Today, the afternoon of Christmas eve, we decided to bike around town watching stores closing, visitors walking home, Christmas markets deconstructing. While we drove along, the church bells of the Munich churches started ringing, inviting to the first Christmas service.
We listened to some street musicians, and watched the moon rising over the city. On the way back we biked through the English Garden, Munich’s central park, experiencing the holy night settling in, watched by thousands of crows hanging out in the empty trees.
It was a truly magic atmosphere with fresh cool air carrying an earthy smell of a winter which has not yet come. The park usually boasts of people but tonight is only visited by few, some tourists, some walking their dogs before the night swallows the last bits of light, at a bridge there was the accordion player packing up his wares for the night.
While peddling into the dark we were wondering about the fact, that on Christmas eve all doors are closing and one feels like a stranger navigating the emptying town.
Entering the city again from the darkening park we met families walking out from the Leopold church close by. The family service was over and people made their way home, children running with their parents following behind.
We are not ready for Christmas. In fact we are not Christmas fans, mostly. This year we said to each other: let's skip it all together. Lets enjoy the Christmas markets, but not spend energy on all the things and cookies and buying and trying to feel blessed.
Still the spirit of christmas found us: It might have been the mulled wine on the German markets, or the many church bells ringing, even the days we spent with the flu tucked in bed, or it might have been the long nights I sat in the lights of a candle to calm my unsettled heart not knowing the way ahead. But when we came home one night and by accident heard the end of the St. Olaf Christmas concert on the radio, my heart was opening up for the wonder of light and night and new beginnings.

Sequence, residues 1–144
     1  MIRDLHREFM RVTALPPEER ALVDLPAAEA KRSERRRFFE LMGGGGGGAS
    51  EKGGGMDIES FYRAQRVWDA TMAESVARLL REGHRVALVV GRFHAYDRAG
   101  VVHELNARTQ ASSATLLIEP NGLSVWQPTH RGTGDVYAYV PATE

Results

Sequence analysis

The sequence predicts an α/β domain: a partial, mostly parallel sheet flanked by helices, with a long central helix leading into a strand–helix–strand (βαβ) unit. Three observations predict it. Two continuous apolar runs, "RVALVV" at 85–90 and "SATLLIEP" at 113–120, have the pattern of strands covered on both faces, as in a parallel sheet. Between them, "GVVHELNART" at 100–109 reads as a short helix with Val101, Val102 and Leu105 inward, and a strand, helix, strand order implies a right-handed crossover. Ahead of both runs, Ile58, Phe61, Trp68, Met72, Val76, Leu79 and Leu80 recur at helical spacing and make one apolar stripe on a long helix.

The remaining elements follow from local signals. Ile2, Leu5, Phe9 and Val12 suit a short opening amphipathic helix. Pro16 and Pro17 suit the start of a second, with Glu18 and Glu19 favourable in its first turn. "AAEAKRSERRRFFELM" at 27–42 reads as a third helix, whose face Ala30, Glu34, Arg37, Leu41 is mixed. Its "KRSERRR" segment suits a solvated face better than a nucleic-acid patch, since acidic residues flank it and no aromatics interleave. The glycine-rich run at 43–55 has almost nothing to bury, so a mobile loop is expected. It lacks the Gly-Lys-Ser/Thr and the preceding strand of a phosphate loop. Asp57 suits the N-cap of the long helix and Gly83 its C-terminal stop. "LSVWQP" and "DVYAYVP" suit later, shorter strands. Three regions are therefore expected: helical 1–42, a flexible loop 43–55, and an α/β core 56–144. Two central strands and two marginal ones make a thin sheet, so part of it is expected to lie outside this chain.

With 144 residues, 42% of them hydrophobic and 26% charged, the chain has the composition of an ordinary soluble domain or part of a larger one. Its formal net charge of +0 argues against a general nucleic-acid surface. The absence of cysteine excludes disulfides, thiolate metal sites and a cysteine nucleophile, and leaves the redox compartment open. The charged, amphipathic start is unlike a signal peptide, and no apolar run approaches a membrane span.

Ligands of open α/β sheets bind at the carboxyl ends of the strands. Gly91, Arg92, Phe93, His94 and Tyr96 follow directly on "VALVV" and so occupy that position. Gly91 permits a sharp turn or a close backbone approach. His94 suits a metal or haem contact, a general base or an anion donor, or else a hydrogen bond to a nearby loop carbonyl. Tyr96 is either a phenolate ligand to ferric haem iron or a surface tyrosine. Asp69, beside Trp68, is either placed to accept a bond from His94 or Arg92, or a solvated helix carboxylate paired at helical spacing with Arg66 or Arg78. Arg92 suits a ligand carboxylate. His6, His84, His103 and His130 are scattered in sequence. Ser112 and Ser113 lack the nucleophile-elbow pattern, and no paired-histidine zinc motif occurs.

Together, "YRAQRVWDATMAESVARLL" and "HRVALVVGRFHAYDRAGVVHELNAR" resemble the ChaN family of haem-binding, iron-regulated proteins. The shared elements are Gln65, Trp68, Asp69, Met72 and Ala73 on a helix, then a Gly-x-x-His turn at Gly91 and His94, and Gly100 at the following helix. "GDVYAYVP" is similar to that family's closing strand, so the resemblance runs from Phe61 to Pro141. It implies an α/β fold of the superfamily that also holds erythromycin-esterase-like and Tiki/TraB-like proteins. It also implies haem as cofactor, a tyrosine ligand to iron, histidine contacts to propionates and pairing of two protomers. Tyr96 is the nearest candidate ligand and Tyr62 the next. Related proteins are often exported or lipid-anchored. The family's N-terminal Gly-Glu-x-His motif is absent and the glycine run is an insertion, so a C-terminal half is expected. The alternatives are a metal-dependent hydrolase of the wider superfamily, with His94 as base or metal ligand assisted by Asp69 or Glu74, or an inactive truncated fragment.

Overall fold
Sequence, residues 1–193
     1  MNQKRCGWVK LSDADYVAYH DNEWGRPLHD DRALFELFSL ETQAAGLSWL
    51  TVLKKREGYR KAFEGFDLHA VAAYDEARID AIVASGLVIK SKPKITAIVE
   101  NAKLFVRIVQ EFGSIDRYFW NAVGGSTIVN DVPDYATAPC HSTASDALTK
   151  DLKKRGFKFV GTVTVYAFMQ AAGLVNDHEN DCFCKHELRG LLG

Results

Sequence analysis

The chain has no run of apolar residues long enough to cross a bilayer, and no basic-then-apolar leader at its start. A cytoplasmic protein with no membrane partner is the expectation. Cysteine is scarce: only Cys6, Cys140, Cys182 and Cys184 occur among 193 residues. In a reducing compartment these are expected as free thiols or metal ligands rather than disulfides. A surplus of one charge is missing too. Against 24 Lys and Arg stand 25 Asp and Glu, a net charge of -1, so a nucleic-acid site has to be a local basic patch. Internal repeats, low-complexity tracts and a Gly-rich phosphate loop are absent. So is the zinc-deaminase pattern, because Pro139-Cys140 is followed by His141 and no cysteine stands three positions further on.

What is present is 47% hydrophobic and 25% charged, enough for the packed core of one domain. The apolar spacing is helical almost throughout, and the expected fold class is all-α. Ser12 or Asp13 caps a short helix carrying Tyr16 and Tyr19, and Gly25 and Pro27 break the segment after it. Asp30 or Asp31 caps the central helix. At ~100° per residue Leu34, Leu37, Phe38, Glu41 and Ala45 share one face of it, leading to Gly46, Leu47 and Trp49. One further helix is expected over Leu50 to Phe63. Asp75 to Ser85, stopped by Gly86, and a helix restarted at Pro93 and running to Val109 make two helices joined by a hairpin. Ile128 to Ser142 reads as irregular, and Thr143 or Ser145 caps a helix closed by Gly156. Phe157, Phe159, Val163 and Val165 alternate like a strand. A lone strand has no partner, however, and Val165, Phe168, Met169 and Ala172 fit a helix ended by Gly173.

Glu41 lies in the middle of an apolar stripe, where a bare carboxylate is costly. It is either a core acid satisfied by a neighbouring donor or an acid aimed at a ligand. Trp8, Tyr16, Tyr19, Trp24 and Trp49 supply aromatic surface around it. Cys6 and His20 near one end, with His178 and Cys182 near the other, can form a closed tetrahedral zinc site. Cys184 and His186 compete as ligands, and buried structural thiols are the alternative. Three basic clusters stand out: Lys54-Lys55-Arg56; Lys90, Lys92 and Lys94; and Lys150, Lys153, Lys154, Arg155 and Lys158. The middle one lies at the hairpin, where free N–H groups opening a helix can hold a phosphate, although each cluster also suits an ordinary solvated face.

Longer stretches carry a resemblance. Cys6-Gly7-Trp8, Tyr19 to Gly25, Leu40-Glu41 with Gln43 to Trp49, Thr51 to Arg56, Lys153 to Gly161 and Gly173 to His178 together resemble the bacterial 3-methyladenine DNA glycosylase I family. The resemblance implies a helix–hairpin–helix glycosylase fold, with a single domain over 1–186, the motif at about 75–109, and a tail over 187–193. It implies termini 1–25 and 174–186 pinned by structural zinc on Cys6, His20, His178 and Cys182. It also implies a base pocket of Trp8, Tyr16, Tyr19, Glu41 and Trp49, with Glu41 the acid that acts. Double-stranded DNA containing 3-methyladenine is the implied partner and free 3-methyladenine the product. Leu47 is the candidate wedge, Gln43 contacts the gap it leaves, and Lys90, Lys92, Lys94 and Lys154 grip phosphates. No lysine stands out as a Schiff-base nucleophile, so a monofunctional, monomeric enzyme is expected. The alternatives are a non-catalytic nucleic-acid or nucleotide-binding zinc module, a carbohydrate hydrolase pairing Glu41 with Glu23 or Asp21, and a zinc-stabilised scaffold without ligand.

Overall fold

Always, again, we try to run away from Christmas. Always, again, it finds us where we are.
Here is a poem I love dearly by the German poet Hermann Hesse about exactly this melancholic ambivalence coping with the Christmas tradition. So Chuck and I today used the time before the midnight mass to translate it for you. May the wonder of Christmas find you where ever you are:
Immer wieder wird er Mensch geboren
Spricht zu frommen, spricht zu tauben Ohren,
Kommt uns nah und geht uns neu verloren.
Immer wieder muß er einsam ragen,
aller Brüder Not und Sehnsucht tragen,
Immer wird er neu ans Kreuz geschlagen.
Immer wieder will sich Gott verkünden,
Will das Himmlische ins Tal der Sünden,
Will ins Fleisch der Geist, der ewige, münden.
Immer wieder, auch in diesen Tagen,
ist der Heiland unterwegs, zu segnen,
Unsern Ängsten, Tränen, Fragen, Klagen
Mit dem stillen Blicke zu begegnen,
Den wir doch nicht zu erwidern wagen,
Weil nur Kinderaugen ihn ertragen
Always again is He born a human
To speak to the pious and the proud,
Lives among us and is lost to us.
Always again must He stand alone,
Bear all our need and longing,
Ever anew nailed to the tree.
Always again, God will himself proclaim
Will lay the heavens in sinful valleys,
Will pour eternal spirit into flesh.
Always again, even on this day,
The Savior is on the way
To bless, to meet our fears and questions
tears and clamor with the silent tender gaze,
that we do not dare encounter --
And only children's eyes can bear.
(Hermann Hesse, transl. by Chuck Huff & Almut Furchert)